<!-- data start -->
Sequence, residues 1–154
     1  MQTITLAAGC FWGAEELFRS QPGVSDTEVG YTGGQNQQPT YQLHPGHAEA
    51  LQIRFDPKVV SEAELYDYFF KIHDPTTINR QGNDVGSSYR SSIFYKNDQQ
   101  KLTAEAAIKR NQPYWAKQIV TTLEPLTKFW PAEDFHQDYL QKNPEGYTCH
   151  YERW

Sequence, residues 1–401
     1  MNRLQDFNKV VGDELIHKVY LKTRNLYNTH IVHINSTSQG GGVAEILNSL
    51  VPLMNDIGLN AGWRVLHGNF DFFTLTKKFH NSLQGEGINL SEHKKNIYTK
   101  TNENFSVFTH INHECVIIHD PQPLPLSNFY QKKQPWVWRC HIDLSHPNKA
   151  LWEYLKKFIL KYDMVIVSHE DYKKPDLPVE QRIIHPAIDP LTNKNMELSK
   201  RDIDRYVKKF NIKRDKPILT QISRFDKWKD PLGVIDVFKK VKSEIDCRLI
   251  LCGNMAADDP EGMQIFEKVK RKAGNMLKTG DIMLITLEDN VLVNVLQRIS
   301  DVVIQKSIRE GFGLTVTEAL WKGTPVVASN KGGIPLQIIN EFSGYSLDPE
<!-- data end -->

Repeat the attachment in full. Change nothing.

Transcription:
Sequence, residues 1–154
     1  MQTITLAAGC FWGAEELFRS QPGVSDTEVG YTGGQNQQPT YQLHPGHAEA
    51  LQIRFDPKVV SEAELYDYFF KIHDPTTINR QGNDVGSSYR SSIFYKNDQQ
   101  KLTAEAAIKR NQPYWAKQIV TTLEPLTKFW PAEDFHQDYL QKNPEGYTCH
   151  YERW

Sequence, residues 1–401
     1  MNRLQDFNKV VGDELIHKVY LKTRNLYNTH IVHINSTSQG GGVAEILNSL
    51  VPLMNDIGLN AGWRVLHGNF DFFTLTKKFH NSLQGEGINL SEHKKNIYTK
   101  TNENFSVFTH INHECVIIHD PQPLPLSNFY QKKQPWVWRC HIDLSHPNKA
   151  LWEYLKKFIL KYDMVIVSHE DYKKPDLPVE QRIIHPAIDP LTNKNMELSK
   201  RDIDRYVKKF NIKRDKPILT QISRFDKWKD PLGVIDVFKK VKSEIDCRLI
   251  LCGNMAADDP EGMQIFEKVK RKAGNMLKTG DIMLITLEDN VLVNVLQRIS
   301  DVVIQKSIRE GFGLTVTEAL WKGTPVVASN KGGIPLQIIN EFSGYSLDPE